The next panel brought together students majoring in global studies and area studies and minoring in global health. Through study abroad experiences, community-oriented internships in Los Angeles and partnerships with UCLA professors, each of the presenters was able to design and conduct their own research project. In an analysis of Hollywood, Jonathan Liu, a global studies major, discussed the negative effects of orientalism in cinema on Asian Americans. Jesse Chen, also from global studies, discussed how her research paper, originally intended to focus on Chinese diplomacy, evolved into a complex research project which questioned Taiwanese identity in a rapidly changing and increasingly globalized world. Global health minor, Lizet Pantoja-Perez, interviewed residents of several Los Angeles neighborhoods for her project which focused on the effects of urban oil drilling in the city, while Danielle Stork‘s development research brought her all the way to Tanzania for a 16 week study abroad and homestay program complementing her studies at UCLA as an African and Middle Eastern studies major. 

 

Like prior panelists, the presenters had words of wisdom for the students hoping to follow in their footsteps. “Find your advisor as early as possible,” said Jonathan Liu. He also recommended that students outline and plan far in advance while writing their senior theses. “That being said, don't restrict yourself. Don't put yourself in a box, but make sure you're coherent in communicating what you want to say,” said Liu. Jessie Chen had advice for students who were undecided on their research topics. “Go with your gut instinct when choosing [your topic],” she said. “You know what you like and what you want to research.” 

 

Activism on campus and abroad 

 

The final panel showcased international development studies students whose passion for development spurred activism and leadership on campus and abroad. “Seeing all of these different perspectives and being on the ground, talking to people, is incredible,“ said Sheridan Bowers, as she described her experience volunteering with development projects in Ecuador, El Salvador, the Dominican Republic and Uganda. In addition to her work abroad, Bowers is the co-president of the UCLA Flying Samaritans, a group of UCLA students who run a free medical clinic in Baja California, Mexico. “Here's my advice for prospective IDS students: go somewhere you never expected to go and stay there for as long as you possibly can,” she said.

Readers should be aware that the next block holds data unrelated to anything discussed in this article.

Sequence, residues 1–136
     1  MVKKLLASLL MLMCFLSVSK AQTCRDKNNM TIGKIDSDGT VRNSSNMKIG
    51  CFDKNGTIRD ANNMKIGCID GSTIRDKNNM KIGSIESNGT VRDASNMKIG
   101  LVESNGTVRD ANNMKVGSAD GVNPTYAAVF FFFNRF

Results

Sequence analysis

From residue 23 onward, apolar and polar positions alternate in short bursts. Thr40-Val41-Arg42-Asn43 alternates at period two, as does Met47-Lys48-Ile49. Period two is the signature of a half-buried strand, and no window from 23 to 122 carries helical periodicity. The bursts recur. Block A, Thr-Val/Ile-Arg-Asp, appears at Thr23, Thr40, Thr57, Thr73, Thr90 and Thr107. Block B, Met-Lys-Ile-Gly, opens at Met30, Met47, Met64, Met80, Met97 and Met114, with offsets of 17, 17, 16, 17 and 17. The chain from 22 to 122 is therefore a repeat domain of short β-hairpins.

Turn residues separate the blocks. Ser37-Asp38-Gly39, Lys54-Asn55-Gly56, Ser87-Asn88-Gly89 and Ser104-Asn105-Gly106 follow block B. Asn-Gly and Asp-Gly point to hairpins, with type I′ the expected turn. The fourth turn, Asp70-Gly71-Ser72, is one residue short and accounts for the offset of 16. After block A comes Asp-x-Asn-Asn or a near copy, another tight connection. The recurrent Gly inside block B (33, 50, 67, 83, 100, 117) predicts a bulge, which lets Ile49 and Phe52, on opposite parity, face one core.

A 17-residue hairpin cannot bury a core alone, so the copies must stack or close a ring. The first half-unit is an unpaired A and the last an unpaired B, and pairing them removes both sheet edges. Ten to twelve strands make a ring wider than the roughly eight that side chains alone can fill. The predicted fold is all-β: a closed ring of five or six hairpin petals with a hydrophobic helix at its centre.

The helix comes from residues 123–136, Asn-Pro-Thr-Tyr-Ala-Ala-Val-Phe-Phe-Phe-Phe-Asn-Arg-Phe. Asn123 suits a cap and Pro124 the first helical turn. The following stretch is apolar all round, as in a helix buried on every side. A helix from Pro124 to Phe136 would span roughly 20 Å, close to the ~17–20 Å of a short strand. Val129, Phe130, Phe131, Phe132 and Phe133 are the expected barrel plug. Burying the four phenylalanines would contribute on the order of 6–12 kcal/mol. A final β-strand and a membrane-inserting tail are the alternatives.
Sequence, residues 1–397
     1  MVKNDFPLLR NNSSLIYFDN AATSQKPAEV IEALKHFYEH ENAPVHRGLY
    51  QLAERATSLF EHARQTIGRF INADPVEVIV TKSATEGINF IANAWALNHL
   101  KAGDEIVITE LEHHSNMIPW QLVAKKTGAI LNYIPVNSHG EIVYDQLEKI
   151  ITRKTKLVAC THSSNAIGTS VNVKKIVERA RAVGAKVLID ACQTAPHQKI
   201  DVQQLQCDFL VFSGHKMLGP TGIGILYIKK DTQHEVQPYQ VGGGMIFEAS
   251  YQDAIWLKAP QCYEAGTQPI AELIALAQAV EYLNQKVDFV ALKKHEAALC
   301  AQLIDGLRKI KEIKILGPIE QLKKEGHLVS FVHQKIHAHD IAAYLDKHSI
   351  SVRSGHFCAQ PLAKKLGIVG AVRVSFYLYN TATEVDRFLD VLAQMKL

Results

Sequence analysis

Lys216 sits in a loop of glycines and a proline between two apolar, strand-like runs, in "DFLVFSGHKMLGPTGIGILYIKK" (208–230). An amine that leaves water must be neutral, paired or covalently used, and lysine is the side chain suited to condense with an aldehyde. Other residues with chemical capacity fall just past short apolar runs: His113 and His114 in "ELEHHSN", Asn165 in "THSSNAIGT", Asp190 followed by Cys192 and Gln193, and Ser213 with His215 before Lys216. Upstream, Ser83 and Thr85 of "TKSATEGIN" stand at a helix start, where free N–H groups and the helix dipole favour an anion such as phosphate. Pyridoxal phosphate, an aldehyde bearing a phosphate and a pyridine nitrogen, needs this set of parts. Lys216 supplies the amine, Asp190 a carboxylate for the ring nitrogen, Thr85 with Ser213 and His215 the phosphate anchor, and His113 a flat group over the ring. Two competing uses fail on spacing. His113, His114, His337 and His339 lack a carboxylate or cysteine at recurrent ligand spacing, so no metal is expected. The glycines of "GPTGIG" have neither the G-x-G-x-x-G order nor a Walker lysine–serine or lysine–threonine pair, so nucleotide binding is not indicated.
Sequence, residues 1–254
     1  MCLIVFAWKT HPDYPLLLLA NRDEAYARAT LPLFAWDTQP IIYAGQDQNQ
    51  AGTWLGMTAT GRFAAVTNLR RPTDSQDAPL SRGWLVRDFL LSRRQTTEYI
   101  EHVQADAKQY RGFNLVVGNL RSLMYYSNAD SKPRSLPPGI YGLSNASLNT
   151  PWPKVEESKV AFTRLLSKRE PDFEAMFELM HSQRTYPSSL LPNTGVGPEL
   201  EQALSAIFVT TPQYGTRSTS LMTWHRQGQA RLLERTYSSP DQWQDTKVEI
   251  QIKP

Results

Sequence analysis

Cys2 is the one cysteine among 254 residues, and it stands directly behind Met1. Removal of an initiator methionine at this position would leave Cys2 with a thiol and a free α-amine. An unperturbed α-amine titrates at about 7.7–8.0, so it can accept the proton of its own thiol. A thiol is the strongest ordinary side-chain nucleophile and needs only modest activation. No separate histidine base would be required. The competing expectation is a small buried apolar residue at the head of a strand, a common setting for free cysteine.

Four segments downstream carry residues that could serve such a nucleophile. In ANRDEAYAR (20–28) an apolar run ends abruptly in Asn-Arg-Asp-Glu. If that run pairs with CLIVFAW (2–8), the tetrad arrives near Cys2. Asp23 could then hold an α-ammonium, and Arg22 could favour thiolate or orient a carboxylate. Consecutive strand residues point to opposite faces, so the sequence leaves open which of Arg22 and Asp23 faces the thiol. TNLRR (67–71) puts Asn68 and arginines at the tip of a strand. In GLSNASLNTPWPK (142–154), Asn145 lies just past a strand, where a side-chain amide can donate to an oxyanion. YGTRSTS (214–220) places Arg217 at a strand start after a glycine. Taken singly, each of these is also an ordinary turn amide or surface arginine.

“I really appreciated the opportunity to work within different institutions,” said Emily Taing, whose research in Cambodia focused on efforts to help victims of sex trafficking become more financially literate. “I was able to interview government officials and nonprofit workers at various levels and better understand the workings of aid projects,” said Taing. “It was an eye-opening experience. I'm half-Cambodian, so my entire academic journey has been very personal,” she explained. As she concluded, Taing urged her fellow students to also personalize their senior projects.  

 

Jessa Culver, the recipient of the 2017 Activist Award, spoke last. The award is presented annually to students who demonstrate, through their work in local, national, or international organizations, their commitment to making a difference on issues linked to international development. Culver discussed a seminar on poverty in Latin America taken during her first quarter at UCLA which sparked her interest in international development. “The idea that people in poor socioeconomic conditions had their health determined by their social status or their gender and by other poverty-related factors was insane to think about,” she said. 

 

After multiple summers spent abroad, Culver had a more clear idea of what she hoped to achieve by working in international development. “[I wanted] to engage in development work in a way that's not perpetuating the asymmetrical relationships that have been created from past projects,” she said. Culver brought this vision to the UCLA campus, where she co-founded both the UCLA Global Development Lab and the UCLA Global Health Coalition. She has also worked with the Blum Center on Poverty and Health in Latin America and interned for the Panagora Group through UCLA's CAPP Quarter in Washington program

 

“Finally, I would say that it's important to find experiences like these, which really do supplement the classes,” said Culver to the crowd of students planning on undertaking research projects in the future. “The classes here are so incredible and the theories are essential, but it's invaluable to take what you learned in a class and be able to go: ‘I saw that in the field,'” she concluded.